[slider_pro id=”230″]From the Autumn 2016 edition
William Turner de Lond captured two significant political events during his sojourn in Ireland, examined here by Mary Jane Boland.
In the history of Irish art, the early 19th century has often been viewed as a time when artists moved to London in search of lucrative patronage that didn’t exist at home. It is surprising then that a British artist might travel in the opposite direction during this period, choosing to come to Ireland to find a new audience and a fresh market. From this perspective, the Scottish artist William Turner de Lond, who toured around Ireland from c.1820 to 1822, represents something of an anomaly. Why did he choose to visit the country? What was the attraction of the Irish people? Did he find the commercial opportunities he was looking for?
Unfortunately, little evidence about this enigmatic journey-man painter survives and extant works are often in poor condition. It is most likely that he travelled to Ireland from Britain sometime in 1820, possibly in anticipation of a potential visit by George IV, who would eventually come to Ireland in August 1821. The monarch’s visit was the subject of widespread anticipation and remains one of the most visually recorded public events in early 19th-century Ireland. Furthermore, the Royal Institution for the Promotion of Fine Arts in Ireland ran a competition for a painting that would ‘commemorate his Majesty’s most gracious visit to this country’ and offered a generous £500 as prize money.1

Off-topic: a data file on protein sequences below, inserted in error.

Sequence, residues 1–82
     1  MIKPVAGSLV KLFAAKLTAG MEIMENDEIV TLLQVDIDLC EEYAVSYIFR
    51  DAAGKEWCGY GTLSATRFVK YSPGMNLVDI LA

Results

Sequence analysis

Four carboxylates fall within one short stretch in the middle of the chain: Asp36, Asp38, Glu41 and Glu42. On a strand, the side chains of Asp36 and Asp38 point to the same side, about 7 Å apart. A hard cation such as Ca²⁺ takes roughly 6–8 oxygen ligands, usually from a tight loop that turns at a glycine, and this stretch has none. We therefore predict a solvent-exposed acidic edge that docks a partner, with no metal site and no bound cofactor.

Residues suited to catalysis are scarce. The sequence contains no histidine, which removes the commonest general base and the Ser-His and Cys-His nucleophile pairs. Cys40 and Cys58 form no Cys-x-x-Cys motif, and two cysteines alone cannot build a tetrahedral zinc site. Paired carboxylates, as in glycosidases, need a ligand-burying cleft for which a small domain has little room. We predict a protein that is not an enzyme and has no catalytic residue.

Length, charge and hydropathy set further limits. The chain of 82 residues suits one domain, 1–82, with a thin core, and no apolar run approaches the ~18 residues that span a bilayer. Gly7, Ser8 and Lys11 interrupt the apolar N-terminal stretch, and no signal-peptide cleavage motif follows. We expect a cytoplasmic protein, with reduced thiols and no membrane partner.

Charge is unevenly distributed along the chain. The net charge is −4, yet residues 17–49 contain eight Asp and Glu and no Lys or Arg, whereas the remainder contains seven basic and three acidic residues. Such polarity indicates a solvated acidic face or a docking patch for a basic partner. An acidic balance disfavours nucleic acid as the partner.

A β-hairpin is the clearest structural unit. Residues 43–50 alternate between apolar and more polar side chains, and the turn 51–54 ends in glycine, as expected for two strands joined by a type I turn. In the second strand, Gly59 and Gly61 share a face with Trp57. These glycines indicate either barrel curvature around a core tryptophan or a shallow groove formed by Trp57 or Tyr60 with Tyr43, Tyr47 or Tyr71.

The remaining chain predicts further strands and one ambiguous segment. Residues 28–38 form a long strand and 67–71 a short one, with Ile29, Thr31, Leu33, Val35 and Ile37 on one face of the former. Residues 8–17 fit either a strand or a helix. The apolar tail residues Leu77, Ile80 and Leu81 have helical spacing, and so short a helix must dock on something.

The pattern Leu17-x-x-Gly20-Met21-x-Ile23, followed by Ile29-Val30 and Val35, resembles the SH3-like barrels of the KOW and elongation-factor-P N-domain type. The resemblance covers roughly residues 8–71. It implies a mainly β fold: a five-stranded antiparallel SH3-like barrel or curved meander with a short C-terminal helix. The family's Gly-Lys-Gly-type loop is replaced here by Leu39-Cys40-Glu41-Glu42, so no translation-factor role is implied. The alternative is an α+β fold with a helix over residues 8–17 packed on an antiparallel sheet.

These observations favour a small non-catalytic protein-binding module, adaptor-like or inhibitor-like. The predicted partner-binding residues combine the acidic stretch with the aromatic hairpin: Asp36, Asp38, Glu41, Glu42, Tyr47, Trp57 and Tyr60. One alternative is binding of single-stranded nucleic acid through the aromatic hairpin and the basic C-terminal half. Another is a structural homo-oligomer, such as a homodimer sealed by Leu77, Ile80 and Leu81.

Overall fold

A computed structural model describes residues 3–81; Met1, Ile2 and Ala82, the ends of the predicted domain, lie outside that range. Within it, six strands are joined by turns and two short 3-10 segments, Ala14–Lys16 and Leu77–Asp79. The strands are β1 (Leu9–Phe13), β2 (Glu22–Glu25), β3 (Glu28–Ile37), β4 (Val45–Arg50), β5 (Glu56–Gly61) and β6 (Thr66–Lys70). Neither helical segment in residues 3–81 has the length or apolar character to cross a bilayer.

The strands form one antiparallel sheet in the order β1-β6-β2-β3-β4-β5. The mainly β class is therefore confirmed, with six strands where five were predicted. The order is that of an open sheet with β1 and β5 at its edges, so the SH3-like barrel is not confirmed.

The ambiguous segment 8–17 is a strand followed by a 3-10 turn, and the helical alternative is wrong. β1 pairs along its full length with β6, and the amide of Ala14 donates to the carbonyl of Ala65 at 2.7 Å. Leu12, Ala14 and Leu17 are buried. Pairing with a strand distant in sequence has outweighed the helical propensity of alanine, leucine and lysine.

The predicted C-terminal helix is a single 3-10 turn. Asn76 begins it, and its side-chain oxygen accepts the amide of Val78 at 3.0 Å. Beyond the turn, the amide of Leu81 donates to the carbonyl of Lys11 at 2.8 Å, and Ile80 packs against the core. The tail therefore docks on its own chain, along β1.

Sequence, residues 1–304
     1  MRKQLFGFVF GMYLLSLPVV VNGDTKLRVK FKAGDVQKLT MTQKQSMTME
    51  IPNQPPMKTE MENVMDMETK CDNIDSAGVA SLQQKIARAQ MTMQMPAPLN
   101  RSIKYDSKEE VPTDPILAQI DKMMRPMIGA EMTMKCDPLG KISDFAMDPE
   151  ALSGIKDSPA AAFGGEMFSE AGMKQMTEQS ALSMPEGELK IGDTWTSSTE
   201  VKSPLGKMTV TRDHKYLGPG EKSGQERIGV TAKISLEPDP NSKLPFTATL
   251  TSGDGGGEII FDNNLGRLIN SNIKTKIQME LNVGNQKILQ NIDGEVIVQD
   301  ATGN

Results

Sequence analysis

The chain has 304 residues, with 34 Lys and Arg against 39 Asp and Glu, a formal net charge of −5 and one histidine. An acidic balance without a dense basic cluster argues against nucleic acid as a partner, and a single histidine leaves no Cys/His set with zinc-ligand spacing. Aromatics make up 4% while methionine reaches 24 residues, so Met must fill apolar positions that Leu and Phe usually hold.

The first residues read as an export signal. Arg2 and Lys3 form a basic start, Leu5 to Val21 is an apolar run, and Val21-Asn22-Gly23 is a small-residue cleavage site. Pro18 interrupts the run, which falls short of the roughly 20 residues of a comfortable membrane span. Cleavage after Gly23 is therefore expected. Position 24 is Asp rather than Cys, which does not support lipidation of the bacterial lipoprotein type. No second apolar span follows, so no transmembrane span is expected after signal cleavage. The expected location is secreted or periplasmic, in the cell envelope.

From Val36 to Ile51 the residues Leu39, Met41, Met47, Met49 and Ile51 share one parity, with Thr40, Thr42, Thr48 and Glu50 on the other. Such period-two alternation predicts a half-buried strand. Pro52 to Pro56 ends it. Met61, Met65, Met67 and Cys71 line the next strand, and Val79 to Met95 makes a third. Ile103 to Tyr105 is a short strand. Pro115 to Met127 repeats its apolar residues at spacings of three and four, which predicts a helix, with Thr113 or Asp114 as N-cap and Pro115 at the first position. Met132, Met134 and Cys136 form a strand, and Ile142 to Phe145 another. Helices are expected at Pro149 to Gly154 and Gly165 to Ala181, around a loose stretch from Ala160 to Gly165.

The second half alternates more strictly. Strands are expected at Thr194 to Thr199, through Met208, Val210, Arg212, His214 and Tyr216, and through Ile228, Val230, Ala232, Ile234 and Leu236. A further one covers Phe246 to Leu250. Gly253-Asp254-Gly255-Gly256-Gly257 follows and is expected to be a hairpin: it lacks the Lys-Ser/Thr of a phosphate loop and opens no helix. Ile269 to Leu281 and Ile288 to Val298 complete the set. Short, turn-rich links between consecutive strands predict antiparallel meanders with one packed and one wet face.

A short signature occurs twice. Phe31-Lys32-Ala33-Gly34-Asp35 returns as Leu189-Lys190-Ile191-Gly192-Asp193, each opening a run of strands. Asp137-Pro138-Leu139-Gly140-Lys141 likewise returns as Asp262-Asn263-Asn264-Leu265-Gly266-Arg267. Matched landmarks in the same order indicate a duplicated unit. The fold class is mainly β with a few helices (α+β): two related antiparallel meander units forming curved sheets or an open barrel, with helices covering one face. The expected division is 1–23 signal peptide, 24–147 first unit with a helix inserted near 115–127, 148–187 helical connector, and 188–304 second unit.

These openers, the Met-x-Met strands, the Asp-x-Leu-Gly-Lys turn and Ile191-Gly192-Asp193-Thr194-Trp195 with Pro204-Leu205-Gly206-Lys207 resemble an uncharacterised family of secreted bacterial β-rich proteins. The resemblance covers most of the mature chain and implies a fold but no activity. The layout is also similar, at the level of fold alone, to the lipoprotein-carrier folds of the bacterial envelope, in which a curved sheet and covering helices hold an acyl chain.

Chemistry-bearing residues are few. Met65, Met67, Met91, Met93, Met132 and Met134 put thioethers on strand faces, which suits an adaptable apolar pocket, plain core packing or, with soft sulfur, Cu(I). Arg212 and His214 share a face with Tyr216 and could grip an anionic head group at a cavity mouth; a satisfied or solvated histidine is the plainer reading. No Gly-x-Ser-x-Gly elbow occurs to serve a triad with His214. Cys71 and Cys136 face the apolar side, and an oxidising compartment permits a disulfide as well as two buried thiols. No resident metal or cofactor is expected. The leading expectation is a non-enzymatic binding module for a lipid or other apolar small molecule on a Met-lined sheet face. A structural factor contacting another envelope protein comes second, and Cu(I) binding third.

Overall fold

It is unsurprising then that several works marking the occasion exist by Turner de Lond, the most ambitious of which details George IV’s entry into the city of Dublin via Sackville (now O’Connell) Street on 17 August 1821 (Fig 2). This work was exhibited in Limerick only six weeks after the event in the Exhibition of Works by Old Masters, Artists and Amateurs, which was held in a temporarily-erected exhibition room at Swinburne’s Ballroom on Brunswick (now Sarsfield) Street.2
It was exhibited in October 1821, along with fourteen other works relating to Ireland by the artist, including images of Bunratty Castle, the canal at Killaloe, the market at Ennis, O’Sullivan’s Cascade at Killarney, the Four Courts and a picture of local celebration on the streets of Limerick in The Chairing of Thomas Spring Rice (1821) (Fig 1). In this image, the artist focuses on a recent episode in Limerick’s history when thousands of people gathered to show their support for the newly elected liberal MP, Thomas Spring Rice. Such a specifically local subject can only have been intended for a local patron, or maybe even for Spring Rice himself. However, neither this work nor George IV, King of England entering Dublin were sold at the exhibition and were re-advertised by Turner de Lond in 1822 prior to his departure to Edinburgh. At this point he ‘beg[ged] to offer to the Independents [The Chairing of Thomas Spring Rice], either individually or collectively, for purchase at one-half its intrinsic value’ and pleaded with the readership not to ‘suffer him to depart without an endeavour to give a partial remuneration for his time and expenses, by the purchase of the picture on the above terms.’3 Aware of the improbability of selling images of the Irish urban world in Scotland, Turner de Lond’s desperation to offload this painting before his departure is palpable. Fortuitously, it seems the people listened to his pleas: in September 1822 the Limerick Chamber of Commerce purchased the image of Spring Rice to ‘use in their rooms’4 in the Commercial Buildings and also purchased George IV, King of England entering Dublin around the same time for £45, 10s.5